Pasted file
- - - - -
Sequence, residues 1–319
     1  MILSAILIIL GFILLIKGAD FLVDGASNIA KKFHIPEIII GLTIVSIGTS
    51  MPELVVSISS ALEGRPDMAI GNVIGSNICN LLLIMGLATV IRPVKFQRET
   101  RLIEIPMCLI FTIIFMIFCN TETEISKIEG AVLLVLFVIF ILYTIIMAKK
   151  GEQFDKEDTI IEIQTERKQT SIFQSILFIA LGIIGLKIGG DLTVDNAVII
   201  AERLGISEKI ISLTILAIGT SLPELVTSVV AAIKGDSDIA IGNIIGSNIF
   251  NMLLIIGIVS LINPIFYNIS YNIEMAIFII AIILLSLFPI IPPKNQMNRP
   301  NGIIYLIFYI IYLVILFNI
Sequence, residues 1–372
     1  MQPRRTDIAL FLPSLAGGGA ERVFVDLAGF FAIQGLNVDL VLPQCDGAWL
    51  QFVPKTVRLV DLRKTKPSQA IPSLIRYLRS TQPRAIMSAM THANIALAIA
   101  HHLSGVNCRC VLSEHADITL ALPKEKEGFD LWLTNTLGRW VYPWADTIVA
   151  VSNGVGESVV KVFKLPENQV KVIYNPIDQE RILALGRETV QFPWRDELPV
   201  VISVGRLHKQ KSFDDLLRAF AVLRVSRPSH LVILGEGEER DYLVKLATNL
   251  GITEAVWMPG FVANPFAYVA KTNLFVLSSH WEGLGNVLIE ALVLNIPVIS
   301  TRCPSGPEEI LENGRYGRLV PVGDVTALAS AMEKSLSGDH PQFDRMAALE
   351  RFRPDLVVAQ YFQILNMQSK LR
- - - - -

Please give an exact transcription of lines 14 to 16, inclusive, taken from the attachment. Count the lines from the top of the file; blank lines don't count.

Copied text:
   201  VISVGRLHKQ KSFDDLLRAF AVLRVSRPSH LVILGEGEER DYLVKLATNL
   251  GITEAVWMPG FVANPFAYVA KTNLFVLSSH WEGLGNVLIE ALVLNIPVIS
   301  TRCPSGPEEI LENGRYGRLV PVGDVTALAS AMEKSLSGDH PQFDRMAALE